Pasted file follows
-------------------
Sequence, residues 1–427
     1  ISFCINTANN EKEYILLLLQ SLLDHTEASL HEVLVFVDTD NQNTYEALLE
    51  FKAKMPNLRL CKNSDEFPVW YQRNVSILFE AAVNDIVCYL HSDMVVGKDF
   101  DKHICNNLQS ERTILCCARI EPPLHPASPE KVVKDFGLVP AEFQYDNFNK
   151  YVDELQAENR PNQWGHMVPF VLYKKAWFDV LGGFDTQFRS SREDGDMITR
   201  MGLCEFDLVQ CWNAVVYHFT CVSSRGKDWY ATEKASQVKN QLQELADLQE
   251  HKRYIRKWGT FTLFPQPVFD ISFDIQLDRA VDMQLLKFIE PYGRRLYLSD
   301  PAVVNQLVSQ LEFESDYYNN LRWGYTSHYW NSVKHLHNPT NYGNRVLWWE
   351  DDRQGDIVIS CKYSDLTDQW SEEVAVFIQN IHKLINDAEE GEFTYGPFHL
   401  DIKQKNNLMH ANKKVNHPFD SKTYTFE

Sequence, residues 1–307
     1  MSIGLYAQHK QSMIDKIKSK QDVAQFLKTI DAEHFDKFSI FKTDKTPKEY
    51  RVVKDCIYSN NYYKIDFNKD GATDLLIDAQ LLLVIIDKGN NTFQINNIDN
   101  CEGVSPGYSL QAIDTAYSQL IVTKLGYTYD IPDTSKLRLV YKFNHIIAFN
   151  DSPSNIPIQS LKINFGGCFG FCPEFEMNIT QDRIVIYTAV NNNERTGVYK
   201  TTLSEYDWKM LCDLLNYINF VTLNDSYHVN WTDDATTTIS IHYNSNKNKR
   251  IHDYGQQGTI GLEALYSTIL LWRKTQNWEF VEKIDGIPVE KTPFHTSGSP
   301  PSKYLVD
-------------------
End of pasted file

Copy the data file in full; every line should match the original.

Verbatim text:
Sequence, residues 1–427
     1  ISFCINTANN EKEYILLLLQ SLLDHTEASL HEVLVFVDTD NQNTYEALLE
    51  FKAKMPNLRL CKNSDEFPVW YQRNVSILFE AAVNDIVCYL HSDMVVGKDF
   101  DKHICNNLQS ERTILCCARI EPPLHPASPE KVVKDFGLVP AEFQYDNFNK
   151  YVDELQAENR PNQWGHMVPF VLYKKAWFDV LGGFDTQFRS SREDGDMITR
   201  MGLCEFDLVQ CWNAVVYHFT CVSSRGKDWY ATEKASQVKN QLQELADLQE
   251  HKRYIRKWGT FTLFPQPVFD ISFDIQLDRA VDMQLLKFIE PYGRRLYLSD
   301  PAVVNQLVSQ LEFESDYYNN LRWGYTSHYW NSVKHLHNPT NYGNRVLWWE
   351  DDRQGDIVIS CKYSDLTDQW SEEVAVFIQN IHKLINDAEE GEFTYGPFHL
   401  DIKQKNNLMH ANKKVNHPFD SKTYTFE

Sequence, residues 1–307
     1  MSIGLYAQHK QSMIDKIKSK QDVAQFLKTI DAEHFDKFSI FKTDKTPKEY
    51  RVVKDCIYSN NYYKIDFNKD GATDLLIDAQ LLLVIIDKGN NTFQINNIDN
   101  CEGVSPGYSL QAIDTAYSQL IVTKLGYTYD IPDTSKLRLV YKFNHIIAFN
   151  DSPSNIPIQS LKINFGGCFG FCPEFEMNIT QDRIVIYTAV NNNERTGVYK
   201  TTLSEYDWKM LCDLLNYINF VTLNDSYHVN WTDDATTTIS IHYNSNKNKR
   251  IHDYGQQGTI GLEALYSTIL LWRKTQNWEF VEKIDGIPVE KTPFHTSGSP
   301  PSKYLVD